If you're self-employed, you can use the individual Health Insurance Marketplace to enroll in flexible, high-quality health coverage that works well for people who run their own businesses.
You can enroll through the Marketplace if you’re a freelancer, consultant, independent contractor, or other self-employed worker who doesn’t have any employees.
You’re considered self-employed if you have a business that takes in income but doesn’t have any employees. If your business has even one employee (other than yourself, a spouse, family member, or owner), you may be able to use the SHOP Marketplace for small businesses to offer coverage to yourself and your employees. See "How do I know if I’m self-employed or a small employer?" to learn more.
In the Marketplace you can choose from several categories of coverage, from plans with low premiums that mainly protect you in worst-case scenarios to plans where you’ll pay more each month but less out-of-pocket when you get health care services.
When you fill out a Health Insurance Marketplace application, you’ll have to estimate your net self-employment income. Marketplace savings are based on your estimated net income for the year you’re getting coverage, not last year’s income.
When you’re self-employed, it can be hard to estimate your income for the coming months or year. Learn how to estimate your income if you’re self-employed.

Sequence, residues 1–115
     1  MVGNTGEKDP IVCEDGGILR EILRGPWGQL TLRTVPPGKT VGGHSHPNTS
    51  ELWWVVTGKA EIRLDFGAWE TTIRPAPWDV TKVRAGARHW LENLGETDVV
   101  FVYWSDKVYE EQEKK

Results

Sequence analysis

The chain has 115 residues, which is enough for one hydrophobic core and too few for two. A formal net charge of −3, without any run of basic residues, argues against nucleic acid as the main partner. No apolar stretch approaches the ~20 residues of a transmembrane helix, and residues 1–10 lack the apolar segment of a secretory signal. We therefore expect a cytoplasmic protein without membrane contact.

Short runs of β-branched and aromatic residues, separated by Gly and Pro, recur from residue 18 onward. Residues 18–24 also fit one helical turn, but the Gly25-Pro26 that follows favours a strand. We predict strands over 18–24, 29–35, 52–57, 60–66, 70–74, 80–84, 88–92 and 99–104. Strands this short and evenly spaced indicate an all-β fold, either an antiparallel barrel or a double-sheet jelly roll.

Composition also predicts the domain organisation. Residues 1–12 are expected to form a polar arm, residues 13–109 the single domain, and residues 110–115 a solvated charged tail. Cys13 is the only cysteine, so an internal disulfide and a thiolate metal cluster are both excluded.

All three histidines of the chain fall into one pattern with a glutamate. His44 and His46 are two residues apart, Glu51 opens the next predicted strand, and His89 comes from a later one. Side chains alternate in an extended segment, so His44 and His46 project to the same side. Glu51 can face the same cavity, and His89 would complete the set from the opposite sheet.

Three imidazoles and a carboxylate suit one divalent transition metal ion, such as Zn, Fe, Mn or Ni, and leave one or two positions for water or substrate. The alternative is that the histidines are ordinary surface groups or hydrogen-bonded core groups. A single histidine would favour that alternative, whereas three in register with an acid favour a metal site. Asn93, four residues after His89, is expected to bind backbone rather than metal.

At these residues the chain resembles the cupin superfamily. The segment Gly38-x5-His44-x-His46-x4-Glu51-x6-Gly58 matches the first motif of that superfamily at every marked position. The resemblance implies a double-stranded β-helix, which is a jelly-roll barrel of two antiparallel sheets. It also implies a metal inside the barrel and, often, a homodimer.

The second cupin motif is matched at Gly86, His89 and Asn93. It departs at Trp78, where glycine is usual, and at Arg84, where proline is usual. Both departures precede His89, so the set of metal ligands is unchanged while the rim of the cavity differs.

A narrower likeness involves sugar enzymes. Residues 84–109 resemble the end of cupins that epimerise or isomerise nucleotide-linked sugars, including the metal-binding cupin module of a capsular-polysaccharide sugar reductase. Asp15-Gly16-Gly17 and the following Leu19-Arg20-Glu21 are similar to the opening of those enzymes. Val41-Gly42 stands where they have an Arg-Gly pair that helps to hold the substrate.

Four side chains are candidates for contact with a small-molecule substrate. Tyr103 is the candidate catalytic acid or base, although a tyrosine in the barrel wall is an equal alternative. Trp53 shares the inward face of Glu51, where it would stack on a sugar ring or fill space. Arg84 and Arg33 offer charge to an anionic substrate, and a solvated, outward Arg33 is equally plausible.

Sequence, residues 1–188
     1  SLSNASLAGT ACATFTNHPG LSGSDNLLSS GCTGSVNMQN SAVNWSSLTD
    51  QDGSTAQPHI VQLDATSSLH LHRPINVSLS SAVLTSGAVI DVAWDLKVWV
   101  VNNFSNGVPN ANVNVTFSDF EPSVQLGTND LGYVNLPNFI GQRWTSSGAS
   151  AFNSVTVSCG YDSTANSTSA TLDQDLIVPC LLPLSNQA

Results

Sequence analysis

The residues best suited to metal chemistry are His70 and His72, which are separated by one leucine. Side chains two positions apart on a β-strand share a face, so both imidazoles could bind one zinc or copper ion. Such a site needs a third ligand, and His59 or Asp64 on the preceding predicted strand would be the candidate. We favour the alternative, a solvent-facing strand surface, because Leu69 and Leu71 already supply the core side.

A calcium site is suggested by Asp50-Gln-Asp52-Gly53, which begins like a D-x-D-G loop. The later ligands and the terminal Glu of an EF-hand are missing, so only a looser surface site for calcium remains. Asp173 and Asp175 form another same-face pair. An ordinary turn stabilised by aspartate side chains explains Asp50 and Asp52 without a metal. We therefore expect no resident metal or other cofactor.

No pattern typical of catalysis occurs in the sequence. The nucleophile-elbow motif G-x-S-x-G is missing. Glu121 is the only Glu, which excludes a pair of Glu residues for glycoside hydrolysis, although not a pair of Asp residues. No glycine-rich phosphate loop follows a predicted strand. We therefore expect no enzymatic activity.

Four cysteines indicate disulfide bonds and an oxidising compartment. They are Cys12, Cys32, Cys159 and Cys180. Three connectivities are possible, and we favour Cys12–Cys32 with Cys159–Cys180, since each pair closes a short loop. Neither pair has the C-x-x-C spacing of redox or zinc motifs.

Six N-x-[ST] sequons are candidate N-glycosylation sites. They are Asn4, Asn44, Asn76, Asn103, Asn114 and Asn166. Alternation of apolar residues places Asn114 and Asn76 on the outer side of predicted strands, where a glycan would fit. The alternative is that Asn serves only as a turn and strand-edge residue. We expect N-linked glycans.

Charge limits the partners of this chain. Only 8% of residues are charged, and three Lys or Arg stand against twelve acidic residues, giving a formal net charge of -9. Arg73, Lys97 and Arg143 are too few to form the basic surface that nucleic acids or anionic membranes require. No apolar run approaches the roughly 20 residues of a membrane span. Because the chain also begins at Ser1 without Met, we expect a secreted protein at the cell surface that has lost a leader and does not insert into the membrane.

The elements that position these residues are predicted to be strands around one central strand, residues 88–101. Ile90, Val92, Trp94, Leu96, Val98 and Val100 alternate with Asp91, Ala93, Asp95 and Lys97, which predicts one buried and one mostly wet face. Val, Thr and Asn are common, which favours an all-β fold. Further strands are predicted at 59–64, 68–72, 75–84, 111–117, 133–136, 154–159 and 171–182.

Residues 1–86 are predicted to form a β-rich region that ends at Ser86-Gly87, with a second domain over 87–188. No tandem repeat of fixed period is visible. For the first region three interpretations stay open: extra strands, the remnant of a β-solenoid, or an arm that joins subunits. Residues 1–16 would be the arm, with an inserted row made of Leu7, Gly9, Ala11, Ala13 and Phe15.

Most Americans must have minimum essential coverage or pay a penalty. This is true no matter what your job status is.
If you run a business that produces income and has no employees, you’re considered self-employed. You can buy health coverage through the individual Health Insurance Marketplace.
You’re not considered an employer only because you hire independent contractors to do some work.
"Employees" are generally workers whose income you report on a W-2 form at the end of the year.
Get details about how to know if people who work for you are considered employees.
If you lose job-based coverage for any reason, you qualify for a Special Enrollment Period. This means you can enroll in a health plan even if it’s outside the annual Open Enrollment period. During the Open Enrollment Period, if you qualify for a Special Enrollment Period you may be able to have your coverage start sooner than it otherwise would. Learn more about how to apply with a Special Enrollment Period.
You can cancel your Marketplace plan any time and enroll in your employer’s insurance.
Once you have an offer of job-based coverage, in most cases you’ll no longer qualify for a premium tax credit and other savings on a Marketplace plan. This is true whether you enroll in the job-based coverage or not.
In rare cases, your employer’s coverage won’t be considered affordable to you or won’t meet minimum standards. If this is true, you may qualify for premium tax credits and other savings on a Marketplace plan based on your income. Learn about your options if you have an offer of job-based coverage.
If your spouse’s plan offers coverage to spouses and dependents, in most cases you won’t qualify for premium tax credits and other savings on a Marketplace plan.
If your spouse’s job-based insurance doesn’t cover spouses and dependents, then you can buy a Marketplace plan for you and your dependents. Depending on your household income, you may qualify for a premium tax credit and other savings.
In most cases, a married couple has to file a joint federal tax return to be eligible for premium tax credits and other savings on Marketplace plans. Learn about the limited exceptions to the joint-filing rule.
Ready to obtain the right health insurance? Check your eligibility for free or low cost health insurance through the marketplace in 4 simple steps...